BMW delivers first cars for Olympic fleet
GET USED TO THESE BRIGHTLY- coloured BMWs. If you work in London, you’ll be seeing a lot more of them in the Summer—they’ll be speeding past you in the dedicated Olympic “ZIL lanes” while you and your frustrated customers are stuck in a traffic jam.
These are the cars that BMW is supplying to the London Olympics as executive shuttles for athletes and dignitaries. More than 4,000 of the cars, including many BMW 3-series and 5-series saloons as well as smaller cars including electric and hybrid vehicles—have been liveried with the London 2012 logo. The overall fleet will achieve the Olympic organising committee LOCOG’s strict 120g/km CO2 emissions target, BMW says.
BMW UK managing director Tim Abbott said: “BMW’s Olympic fleet needs to be varied to deal with the complex operational demands of the Games time effort. We were selected based on our ability to provide such a diverse fleet that could achieve the challenging emissions threshold as set by LOCOG. The Games fleet will include our class leading efficient diesels, hybrids, electric vehicles and even bicycles.”
Around 250 cars will be allocated to high-ranking officials and politicians as exclusive cars for the duration of both the Olympic and Paralympic Games. They will be driven by volunteer drivers, and LOCOG has outsourced driver training to a company called Peak Performance, based in Chesterfield, Derbyshire, which is using hundreds of professional driving instructors to act as trainers.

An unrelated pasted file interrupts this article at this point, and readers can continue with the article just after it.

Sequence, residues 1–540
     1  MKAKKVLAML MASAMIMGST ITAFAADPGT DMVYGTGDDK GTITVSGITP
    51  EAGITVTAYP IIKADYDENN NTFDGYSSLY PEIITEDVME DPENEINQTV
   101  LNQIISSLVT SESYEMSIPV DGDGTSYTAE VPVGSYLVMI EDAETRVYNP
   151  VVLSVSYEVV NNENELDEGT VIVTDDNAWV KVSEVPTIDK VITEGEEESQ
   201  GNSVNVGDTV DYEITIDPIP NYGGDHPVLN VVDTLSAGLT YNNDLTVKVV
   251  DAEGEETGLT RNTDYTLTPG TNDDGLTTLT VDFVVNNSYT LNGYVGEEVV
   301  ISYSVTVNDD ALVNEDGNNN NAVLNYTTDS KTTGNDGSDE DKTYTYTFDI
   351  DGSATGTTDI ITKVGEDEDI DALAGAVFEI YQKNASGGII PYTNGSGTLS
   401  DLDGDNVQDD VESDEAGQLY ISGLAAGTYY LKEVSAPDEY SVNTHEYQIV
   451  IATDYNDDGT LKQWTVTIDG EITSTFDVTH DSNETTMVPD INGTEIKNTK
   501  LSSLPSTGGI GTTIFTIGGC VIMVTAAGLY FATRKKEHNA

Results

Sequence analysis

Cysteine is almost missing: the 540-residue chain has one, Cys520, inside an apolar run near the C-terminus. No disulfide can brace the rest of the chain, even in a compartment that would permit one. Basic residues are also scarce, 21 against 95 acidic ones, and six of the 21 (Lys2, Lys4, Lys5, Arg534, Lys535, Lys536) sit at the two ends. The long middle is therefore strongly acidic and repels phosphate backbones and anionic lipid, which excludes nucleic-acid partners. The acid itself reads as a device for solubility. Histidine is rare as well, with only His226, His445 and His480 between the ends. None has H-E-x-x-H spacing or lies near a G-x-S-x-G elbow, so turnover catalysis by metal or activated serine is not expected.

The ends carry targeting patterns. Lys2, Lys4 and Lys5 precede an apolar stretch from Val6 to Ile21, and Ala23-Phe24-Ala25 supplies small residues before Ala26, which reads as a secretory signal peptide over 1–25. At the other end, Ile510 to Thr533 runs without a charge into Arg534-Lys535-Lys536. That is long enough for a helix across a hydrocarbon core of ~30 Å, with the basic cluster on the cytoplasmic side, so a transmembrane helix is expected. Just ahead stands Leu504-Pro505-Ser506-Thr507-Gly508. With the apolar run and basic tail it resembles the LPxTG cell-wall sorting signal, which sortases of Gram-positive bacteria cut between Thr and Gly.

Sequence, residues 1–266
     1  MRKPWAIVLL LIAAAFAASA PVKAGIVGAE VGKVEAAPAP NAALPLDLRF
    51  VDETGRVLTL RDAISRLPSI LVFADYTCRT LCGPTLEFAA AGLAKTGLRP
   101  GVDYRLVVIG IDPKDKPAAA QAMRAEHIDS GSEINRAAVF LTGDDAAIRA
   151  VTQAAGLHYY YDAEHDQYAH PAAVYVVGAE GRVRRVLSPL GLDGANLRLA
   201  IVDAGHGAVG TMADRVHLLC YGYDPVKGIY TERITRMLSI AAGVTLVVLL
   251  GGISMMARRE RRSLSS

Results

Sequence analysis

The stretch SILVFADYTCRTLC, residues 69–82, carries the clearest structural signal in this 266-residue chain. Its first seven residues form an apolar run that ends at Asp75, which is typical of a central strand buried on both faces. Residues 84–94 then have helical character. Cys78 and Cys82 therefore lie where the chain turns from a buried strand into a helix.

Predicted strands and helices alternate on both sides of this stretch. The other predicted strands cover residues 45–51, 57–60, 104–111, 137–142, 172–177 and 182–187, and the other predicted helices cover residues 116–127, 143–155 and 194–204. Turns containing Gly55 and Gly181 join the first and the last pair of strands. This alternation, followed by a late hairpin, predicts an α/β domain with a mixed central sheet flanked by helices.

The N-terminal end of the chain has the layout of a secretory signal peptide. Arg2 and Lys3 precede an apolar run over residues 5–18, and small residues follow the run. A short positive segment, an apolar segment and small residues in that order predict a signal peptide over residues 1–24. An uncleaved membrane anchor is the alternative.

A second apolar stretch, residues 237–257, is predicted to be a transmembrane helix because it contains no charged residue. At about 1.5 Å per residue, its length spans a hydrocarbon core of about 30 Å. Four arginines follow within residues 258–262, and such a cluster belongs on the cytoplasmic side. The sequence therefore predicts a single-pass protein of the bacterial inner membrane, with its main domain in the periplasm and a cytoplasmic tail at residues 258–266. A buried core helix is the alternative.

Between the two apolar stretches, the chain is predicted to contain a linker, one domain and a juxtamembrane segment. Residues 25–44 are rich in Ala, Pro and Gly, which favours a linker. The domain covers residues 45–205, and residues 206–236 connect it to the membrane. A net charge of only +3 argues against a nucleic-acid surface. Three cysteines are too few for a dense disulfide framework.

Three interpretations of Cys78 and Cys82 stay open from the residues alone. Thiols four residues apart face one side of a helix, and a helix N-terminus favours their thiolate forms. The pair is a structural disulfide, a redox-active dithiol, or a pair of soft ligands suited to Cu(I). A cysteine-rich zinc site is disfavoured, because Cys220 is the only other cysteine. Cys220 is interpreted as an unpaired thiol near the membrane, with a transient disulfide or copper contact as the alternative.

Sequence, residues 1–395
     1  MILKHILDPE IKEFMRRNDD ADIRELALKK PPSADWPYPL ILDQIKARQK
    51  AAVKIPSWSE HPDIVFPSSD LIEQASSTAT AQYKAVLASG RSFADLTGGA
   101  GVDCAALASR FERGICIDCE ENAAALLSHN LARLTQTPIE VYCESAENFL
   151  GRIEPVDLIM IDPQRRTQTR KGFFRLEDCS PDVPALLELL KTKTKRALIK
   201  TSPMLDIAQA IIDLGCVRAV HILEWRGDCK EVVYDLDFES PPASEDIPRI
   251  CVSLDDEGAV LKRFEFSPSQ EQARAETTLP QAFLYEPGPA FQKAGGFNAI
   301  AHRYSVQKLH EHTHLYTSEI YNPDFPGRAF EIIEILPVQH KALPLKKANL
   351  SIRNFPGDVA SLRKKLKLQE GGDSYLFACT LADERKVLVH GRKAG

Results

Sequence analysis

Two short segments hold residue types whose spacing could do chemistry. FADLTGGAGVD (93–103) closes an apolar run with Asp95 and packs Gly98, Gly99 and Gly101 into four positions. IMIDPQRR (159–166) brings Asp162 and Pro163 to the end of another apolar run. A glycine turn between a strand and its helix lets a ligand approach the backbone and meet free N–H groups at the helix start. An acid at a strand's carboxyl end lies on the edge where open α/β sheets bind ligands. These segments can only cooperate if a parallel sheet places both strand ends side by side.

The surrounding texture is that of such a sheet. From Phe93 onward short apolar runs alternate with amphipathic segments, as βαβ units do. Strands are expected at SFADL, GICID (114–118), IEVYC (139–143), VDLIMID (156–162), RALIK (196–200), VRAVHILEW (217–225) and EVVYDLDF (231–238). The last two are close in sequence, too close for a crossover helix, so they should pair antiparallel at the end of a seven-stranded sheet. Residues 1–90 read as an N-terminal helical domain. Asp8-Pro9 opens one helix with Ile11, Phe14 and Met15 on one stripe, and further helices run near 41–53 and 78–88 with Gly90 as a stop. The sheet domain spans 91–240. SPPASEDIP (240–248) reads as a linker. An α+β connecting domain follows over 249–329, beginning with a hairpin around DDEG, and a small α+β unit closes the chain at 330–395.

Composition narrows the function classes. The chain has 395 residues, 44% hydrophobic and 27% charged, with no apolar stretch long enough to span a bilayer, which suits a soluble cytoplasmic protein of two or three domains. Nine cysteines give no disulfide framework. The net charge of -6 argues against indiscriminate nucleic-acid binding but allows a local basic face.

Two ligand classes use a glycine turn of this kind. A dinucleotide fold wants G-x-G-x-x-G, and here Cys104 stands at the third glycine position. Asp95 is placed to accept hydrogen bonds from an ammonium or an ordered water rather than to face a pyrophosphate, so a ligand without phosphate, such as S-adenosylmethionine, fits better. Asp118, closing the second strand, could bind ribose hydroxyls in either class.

The instructors will grade applicants to drive the cars—only Grade 1 drivers will be allowed to chauffeur dignitaries; Grade 2 drivers will be allowed to drive the athletes, while Grade 3 drivers will be able to carry out jobs such as parcel delivery, but won’t be carrying passengers.
The £25million Olympic Route Network (ORN), dubbed “ZIL lanes” after the notorious Soviet Union lanes reserved for Polit Buro members in their Russian ZIL limousines, will be operational for 17 days of the event, covering the fortnight-long competitive period and a number of days before and after. The Paralympics will also result in restrictions but they will cover a much shorter period.
The dedicated lanes cover 39 miles of road in central London, and are only open to official cars. Even ambulances are not allowed in the lanes unless they are on a genuine “blues and twos” emergency. Taxis and private hire vehicles are not allowed to use the lanes—and London cabbies have threatened to block the lanes en masse as a protest against the restrictions.